James Harden took out some frustration after his Houston Rockets’ loss on Monday on a hand sanitizer dispenser.
The Rockets lost a tight contest against Oklahoma City 117-114 to even the first-round playoff series between the teams at 2-2. Upon exiting the court in Orlando, Fla., Harden pushed over a hand sanitizer dispenser.
Harden was the high scorer in the game with 32 points, eight rebounds and 15 assists, but he was unable to pull his team to victory.
After going up 2-0 in the series, the Rockets have now lost two games in a row to the Thunder. Game 5 between the teams will be on Wednesday. You know Harden has extra motivation to beat Chris Paul’s team, regardless of what he says.
There was significant tension between James Harden and Chris Paul toward the end of their time in Houston together, and it sounds like the pair won’t be in a rush to renew acquaintances personally when they meet in the Western Conference playoffs.
In an interview with Chris Haynes of Yahoo Sports, Paul said that he and Harden aren’t “enemies,” but the pair don’t communicate and don’t have any real relationship after spending two seasons together in Houston.
“We don’t talk, communicate or anything,” Paul said.
Paul is right that ex-teammates don’t need to be best friends, but he’s pretty honest about where things stand with Harden. The two may not be enemies, but they’re certainly not friends, and Harden’s words on the relationship back that up.
Harden and Paul clashed, particularly at the end of their time together last season. It adds an interesting subplot to the Rockets-Thunder series, but it ultimately sounds like the two star guards will be respectful but indifferent toward each other.
Chris Paul and James Harden had an imperfect partnership in Houston, but there does not appear to be any lingering bad blood now that the two are set to meet in the playoffs on opposite sides.
Addressing reporters on Monday ahead of the Rockets’ first-round series against Paul and the Oklahoma City Thunder, Harden said that he was not taking the matchup against his former co-star personally.
“I’m trying to win games and a playoff series,” said Harden, per Salman Ali of ESPN 97.5 in Houston.
Harden and Paul were teammates for the previous two seasons in Houston. While the on-court product worked out better than many critics anticipated and they very nearly upset the Kevin Durant-era Golden State Warriors in the 2018 playoffs, the two stars did not always get along too well.
Paul was dealt to the Thunder last summer for Harden’s new running mate, Russell Westbrook, who will miss the start of the series with a quad injury. While this is not the first time Paul and Harden have met in the postseason (Paul’s LA Clippers played Harden’s Rockets back in 2015), plenty of eyes will still be on the two ex-teammates throughout the first-round matchup.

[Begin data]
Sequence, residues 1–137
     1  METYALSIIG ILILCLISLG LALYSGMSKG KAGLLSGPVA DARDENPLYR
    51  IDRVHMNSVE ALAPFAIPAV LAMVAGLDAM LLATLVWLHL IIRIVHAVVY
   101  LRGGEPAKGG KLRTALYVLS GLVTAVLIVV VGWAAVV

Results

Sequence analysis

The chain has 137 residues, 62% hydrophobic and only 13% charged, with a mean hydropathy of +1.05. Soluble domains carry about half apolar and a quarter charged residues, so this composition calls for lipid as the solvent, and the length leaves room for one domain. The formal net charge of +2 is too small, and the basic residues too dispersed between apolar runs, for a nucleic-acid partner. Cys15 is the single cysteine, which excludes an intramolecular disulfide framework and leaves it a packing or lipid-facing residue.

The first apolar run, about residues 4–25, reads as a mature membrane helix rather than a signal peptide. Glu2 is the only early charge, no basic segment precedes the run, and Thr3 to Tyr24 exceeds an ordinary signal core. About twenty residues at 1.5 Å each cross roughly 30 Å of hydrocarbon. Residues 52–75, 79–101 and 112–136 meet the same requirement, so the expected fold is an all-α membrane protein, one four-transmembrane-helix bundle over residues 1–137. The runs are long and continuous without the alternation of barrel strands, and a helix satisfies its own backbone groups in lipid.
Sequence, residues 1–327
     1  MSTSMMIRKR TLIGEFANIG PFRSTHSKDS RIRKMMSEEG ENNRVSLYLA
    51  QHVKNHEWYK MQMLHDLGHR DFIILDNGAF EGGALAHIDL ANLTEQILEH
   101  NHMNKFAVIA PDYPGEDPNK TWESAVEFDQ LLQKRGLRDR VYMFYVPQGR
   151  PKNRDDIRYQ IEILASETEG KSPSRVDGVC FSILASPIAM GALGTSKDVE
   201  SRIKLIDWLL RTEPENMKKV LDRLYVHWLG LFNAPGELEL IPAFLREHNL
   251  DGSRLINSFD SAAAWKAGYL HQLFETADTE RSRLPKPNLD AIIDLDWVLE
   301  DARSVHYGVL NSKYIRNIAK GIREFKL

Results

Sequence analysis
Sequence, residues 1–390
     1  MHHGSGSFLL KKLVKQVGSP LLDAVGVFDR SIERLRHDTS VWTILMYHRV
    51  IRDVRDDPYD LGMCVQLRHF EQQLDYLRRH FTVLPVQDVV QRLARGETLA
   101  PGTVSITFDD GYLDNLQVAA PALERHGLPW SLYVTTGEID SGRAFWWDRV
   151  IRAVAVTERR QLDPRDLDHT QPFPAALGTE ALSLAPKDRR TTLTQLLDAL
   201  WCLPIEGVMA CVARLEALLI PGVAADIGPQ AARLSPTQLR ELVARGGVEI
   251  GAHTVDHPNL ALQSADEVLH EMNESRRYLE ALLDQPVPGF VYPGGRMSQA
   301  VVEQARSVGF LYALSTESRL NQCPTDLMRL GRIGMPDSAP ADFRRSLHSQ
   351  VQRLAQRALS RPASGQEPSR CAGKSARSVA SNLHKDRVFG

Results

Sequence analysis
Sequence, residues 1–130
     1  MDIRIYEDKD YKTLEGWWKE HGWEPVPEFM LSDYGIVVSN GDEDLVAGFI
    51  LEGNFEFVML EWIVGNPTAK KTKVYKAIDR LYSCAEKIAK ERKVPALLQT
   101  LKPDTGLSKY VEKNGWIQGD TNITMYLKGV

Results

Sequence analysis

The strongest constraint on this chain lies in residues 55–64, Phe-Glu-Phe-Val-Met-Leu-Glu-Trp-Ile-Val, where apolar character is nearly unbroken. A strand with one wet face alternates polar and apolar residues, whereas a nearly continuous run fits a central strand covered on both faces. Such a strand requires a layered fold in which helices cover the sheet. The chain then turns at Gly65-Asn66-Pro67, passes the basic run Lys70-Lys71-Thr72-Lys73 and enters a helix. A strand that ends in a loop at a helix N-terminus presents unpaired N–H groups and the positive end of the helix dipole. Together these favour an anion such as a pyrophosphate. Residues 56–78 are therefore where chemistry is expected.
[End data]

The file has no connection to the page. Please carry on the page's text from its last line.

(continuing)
The rivalry between James Harden and Giannis Antetokounmpo continues.
Harden’s Houston Rockets topped Antetokounmpo’s Milwaukee Bucks 120-116 on Sunday in Orlando. Harden scored just 24 points on 5-for-14 shooting but had six steals in his team’s win. Giannis was a statistical monster in the loss, putting up 36 points, 18 rebounds and eight assists.
Harden was asked after the game about the difficulty in defending Antetokounmpo and had no interest in answering. Instead, he said “next question”.
So why wouldn’t Harden want to talk about how tough it is to defend Giannis? Probably because he doesn’t want to give the slightest bit of credit to the Bucks star.
Harden has been upset over Giannis winning NBA MVP over him last year. Giannis has since taken a shot at Harden, and then there was some beef between them during the All-Star Game earlier this year.
Expect this sort of thing to continue between them. Come to think of it, the Bucks and Rockets meeting in the NBA Finals would be fun to watch.
James Harden’s secret to conditioning in the NBA Bubble in Orlando has been revealed.
Harden played 43 minutes in the Houston Rockets’ 153-149 overtime win over the Dallas Mavericks on Friday night. His 49 points led all scorers and helped Houston get the victory. His ability to play so well and for so long in the first game back after a layoff of four months was the topic of conversation after the game.
“I was bragging on your conditioning, how you’ve been running the steps up-and-down at the hotel,” ESPN’s Rachel Nichols said in a postgame interview with Harden.
“You can’t be telling everyone my secrets!” Harden joked in response. “I feel good … overtime game for the first game in a long time, I think my body help up really well.”
So, Harden has been working on his conditioning by running hotel stairs in at Disney World in Orlando. Those are generally grueling, so it makes sense that it might help.